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Rich Tea Review
Sorry to clutter up your inbox with my ramblings but I am a neophyte to this site and I have to get a few things off my chest. Having perused the site and I am puzzled as to why you harbour such a negative attitude towards the lovely Nice biscuit? When I was a toddler in the early Sixties, and my parents were struggling to raise a small family, we were fobbed off with a variety of cheap biscuits in the hope that we might actually eat them occasionally (if desperate, and at gun-point). They tried us on Rich Tea, which only demonstrate traces of something that might be described as "flavour" for the first 25 seconds after the packet is opened; they tried us on Morning Coffee, which were only a marginal improvement (and mainly due to the elaborate decoration); they tried us on Lincoln, which only provide pleasure through stroking the upper surface. Once we were given long, slim biscuits with a thin, hard, lurid, swirly pink icing on top which we liked but were declared "bad for the teeth". Eventually they hit upon Nice biscuits which were not only coconutty but had granulated sugar on top. And proper Peek Frean's Nice too, which were a lovely pure white colour and not the American Tan of the modern impostor.
I could eat an entire packet of Peek Frean's Nice right now, if you had a time machine and decided to use it for biscuit retrieval purposes, rather than world domination.
P.S. to this day my parents always have Rich Teas in our old biscuit tin with a Kingfisher painted on the lid. They are always soft and smell of damp flannels (the biscuits, not my parents). My children won't eat them either.
|Nicey replies: Its a coconut thing really. Some desiccated coconut is like wood shavings and the taste can be quite overpowering. Although in later years it seems my views on coconut may be softening somewhat I would still like to keep the Nice biscuit at a safe distance. I think this is much like old adversaries who are bound up with one another by historical events but cannot yet bring themselves to regard old foes as friends.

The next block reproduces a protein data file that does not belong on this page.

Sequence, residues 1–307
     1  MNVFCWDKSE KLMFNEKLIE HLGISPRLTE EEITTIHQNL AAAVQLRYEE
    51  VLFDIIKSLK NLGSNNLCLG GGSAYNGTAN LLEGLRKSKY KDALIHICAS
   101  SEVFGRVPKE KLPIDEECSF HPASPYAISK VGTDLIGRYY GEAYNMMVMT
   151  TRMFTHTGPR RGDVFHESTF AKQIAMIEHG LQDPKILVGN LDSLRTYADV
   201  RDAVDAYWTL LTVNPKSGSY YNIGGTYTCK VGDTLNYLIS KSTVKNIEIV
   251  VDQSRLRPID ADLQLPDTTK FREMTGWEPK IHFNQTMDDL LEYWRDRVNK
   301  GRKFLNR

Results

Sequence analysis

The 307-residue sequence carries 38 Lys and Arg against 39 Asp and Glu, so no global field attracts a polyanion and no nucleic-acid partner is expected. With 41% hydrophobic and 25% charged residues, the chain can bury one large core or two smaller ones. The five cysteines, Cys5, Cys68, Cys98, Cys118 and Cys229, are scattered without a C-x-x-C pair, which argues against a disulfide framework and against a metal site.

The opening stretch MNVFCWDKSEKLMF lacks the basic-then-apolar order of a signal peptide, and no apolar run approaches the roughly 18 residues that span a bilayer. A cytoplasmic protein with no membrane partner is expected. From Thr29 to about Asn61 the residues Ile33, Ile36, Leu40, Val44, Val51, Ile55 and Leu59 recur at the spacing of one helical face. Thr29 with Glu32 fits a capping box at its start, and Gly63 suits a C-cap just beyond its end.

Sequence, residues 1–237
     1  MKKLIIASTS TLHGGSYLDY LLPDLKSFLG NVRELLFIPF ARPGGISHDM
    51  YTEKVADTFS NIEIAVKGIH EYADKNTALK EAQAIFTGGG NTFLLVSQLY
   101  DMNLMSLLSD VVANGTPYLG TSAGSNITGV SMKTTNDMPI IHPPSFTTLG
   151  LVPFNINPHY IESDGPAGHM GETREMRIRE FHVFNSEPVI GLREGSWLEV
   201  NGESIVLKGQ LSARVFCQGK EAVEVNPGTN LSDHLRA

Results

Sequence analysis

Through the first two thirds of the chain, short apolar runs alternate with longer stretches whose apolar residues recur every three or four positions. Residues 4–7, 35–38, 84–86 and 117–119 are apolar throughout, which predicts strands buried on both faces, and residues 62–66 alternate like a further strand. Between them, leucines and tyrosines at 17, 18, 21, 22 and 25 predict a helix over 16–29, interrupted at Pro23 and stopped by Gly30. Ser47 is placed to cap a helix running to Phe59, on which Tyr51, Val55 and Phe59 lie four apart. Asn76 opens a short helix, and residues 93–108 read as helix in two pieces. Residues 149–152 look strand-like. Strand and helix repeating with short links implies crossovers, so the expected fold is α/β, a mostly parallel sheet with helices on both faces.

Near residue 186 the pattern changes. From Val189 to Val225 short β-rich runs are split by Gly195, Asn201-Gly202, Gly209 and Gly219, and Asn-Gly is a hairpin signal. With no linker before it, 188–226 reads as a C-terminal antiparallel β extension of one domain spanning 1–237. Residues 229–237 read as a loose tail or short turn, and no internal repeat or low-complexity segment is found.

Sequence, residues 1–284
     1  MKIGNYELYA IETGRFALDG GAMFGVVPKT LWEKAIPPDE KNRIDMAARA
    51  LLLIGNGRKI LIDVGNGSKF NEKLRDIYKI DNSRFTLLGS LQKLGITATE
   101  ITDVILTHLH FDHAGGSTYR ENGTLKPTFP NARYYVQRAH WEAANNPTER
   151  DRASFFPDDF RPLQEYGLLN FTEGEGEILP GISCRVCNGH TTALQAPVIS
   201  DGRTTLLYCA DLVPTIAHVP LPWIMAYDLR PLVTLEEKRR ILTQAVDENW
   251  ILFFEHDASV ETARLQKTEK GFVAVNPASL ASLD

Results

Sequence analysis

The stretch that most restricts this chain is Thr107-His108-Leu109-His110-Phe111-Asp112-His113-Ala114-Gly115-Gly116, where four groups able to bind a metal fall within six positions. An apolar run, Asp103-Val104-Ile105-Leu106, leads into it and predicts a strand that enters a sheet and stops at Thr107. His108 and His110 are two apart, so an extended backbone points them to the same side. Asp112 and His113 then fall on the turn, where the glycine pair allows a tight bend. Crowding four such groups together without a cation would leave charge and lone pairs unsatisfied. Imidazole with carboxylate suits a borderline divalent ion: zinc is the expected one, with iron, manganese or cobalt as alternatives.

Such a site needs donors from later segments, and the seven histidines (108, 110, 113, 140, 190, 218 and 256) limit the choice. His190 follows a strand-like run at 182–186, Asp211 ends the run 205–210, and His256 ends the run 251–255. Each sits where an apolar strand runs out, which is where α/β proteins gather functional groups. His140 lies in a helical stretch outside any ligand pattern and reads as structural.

I can also see that given the selection of biscuits you were exposed to at a young age that something with sugar on top would have been magnificent and an instant hit. People often forget in our modern days of excess that such simple things were once genuine treats. I still think of the fruit shortcake in much the same way as biscuit whose cup runneth over with bountiful goodness.
Tim Tam vs Penguin Review
I recently read your review of the Tim Tam, comparing it with the Penguin. A most enlightening read indeed. I am an Englishman who has temporarily moved to Australia for a year, and I have been able to purchase and consume a large number of these delicious Antipodean biscuits, especially making good use of the local custom, the Tim Tam Slam.
I have tried two varieties: Original and Double Coat. The Double Coat has a thicker layer of chocolate covering it, and is available for the same price per packet. Why bother with the Original, then, you ask? Well, the problem is that the Original Tim Tam comes in a pack of eleven biscuits, or a "share pack" of twenty, whereas for the price of the standard original pack, the Double Coat variety comes in a pack of just NINE.
That's 81% of the number of original biscuits. The question, then, is:
Is the Double Coat Tim Tam at least 19% better than the Original? Can its extra choc make up for the difference in biscuit quantity, and crown it The Best Tim Tam?
I leave it up to you to test this.
I remain, Sir, yours sincerely,